First, I am by no means an expert, but I can tell you some of the principles that I've learned about low-water flies (mostly from guides and other, more experienced people):
(1) The water is probably too low for a sink tip right now. You'll hang up everwhere. Use a floating line and a longish leader.
(2) Leaders: Use a leader that is at least as long as your rod - especially if the water is ultra-clear. The murkier the water, the shorter the leader requirement.
One can buy commercial tapered leaders. For low-water flies in ultraclear water I use Rio 9 ft leaders tapered to 8 lb. To that I tie on another 3 ft 6 or 8 lb test tippet.
I also tie my own leaders, especially when I'm throwing heavy flies. The commercial leaders I referred to above, stiff tho' they are, just do not turn over a large, heavy-hooked fly very nicely. See http://www.speyshop.com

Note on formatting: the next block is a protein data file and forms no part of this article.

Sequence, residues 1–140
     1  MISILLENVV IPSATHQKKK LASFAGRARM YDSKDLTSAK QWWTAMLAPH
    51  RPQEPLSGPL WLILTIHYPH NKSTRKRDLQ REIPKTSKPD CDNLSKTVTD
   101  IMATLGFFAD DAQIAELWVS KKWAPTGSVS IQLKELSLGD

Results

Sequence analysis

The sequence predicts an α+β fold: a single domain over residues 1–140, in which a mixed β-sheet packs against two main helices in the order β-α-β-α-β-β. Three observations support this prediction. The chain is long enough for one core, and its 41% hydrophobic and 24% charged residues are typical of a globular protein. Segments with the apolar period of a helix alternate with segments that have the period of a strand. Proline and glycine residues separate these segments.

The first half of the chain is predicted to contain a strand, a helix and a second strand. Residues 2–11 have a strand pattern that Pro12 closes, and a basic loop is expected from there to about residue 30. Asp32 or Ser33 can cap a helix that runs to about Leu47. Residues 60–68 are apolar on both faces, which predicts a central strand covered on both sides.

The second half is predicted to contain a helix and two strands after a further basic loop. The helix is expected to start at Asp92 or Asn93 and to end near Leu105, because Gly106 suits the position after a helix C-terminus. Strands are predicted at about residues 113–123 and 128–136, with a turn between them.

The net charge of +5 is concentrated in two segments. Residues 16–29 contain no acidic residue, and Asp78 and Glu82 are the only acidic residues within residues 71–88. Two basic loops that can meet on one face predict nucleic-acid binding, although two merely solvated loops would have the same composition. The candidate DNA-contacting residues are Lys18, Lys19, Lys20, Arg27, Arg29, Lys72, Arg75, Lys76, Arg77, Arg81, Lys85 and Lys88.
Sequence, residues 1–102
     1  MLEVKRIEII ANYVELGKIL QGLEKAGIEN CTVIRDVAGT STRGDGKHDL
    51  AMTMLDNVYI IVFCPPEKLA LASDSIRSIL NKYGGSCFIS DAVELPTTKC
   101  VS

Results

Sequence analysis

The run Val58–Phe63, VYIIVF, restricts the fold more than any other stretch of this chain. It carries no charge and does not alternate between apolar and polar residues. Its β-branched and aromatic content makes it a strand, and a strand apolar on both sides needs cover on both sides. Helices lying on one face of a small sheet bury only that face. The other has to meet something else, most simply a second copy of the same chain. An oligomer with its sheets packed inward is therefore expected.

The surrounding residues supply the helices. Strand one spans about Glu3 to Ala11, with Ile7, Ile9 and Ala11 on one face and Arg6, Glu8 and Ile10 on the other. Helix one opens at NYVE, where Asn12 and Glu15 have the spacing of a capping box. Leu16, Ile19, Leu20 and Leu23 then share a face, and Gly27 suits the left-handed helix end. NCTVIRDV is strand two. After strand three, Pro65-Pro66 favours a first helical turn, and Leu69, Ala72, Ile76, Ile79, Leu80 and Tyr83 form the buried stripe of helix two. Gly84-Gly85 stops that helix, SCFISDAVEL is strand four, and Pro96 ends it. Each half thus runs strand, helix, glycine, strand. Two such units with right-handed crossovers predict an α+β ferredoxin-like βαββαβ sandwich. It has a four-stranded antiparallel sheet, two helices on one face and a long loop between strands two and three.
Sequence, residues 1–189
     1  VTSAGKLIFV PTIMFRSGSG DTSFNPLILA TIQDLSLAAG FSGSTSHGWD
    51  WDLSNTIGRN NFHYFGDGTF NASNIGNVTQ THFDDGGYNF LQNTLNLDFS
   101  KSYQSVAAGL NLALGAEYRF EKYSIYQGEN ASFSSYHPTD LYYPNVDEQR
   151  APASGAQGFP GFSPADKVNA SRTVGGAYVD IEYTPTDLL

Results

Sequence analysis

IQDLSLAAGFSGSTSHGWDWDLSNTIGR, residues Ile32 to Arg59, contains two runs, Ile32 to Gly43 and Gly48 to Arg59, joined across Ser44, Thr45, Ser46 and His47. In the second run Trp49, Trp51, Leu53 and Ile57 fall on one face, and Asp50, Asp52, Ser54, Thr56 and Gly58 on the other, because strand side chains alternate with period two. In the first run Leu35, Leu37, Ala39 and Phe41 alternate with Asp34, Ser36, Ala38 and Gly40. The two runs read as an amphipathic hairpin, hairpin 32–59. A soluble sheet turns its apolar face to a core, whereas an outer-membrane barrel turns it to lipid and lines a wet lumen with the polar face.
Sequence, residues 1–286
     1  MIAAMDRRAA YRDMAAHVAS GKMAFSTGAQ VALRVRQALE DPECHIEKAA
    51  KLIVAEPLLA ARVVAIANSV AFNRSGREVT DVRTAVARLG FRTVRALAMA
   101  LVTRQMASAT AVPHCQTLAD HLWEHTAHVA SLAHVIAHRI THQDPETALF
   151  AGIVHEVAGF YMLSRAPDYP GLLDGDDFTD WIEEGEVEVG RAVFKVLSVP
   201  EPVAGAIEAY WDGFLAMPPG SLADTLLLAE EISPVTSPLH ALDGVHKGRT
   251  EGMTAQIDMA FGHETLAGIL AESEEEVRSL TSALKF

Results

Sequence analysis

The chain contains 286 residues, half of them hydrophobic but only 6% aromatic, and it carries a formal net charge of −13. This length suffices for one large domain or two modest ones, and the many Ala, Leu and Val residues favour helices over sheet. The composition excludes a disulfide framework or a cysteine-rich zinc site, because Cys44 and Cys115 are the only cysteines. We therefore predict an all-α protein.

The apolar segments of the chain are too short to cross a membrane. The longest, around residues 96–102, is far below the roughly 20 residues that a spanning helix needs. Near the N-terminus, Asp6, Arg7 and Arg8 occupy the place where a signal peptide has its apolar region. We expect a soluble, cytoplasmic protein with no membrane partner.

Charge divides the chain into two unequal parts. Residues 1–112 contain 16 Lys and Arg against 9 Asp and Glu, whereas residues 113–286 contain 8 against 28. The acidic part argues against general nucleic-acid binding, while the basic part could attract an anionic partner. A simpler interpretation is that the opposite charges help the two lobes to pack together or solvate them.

for a link on how to tie your own leaders.
(2) Fly selection: A general rule of thumb that I've used is that the bulk and transparency of the fly should be proportional to the water clarity. For ultra-clear water, I use patterns that are little more than a hook with some bright thread/floss and little hair/hackle. When water visibility is degraded, for example less than 3 ft, I use more heavily dressed flies (e.g. spun marabou).
(3) For Steelhead, you'll want to use fairly heavy tippet (6 to 8 lb is common). But, if you hook into a chum, the 8 lb probably won't cut it.
Hope this helps. Please understand that there are as many approaches to line/fly configuration as there are members on this board. Try 'em all.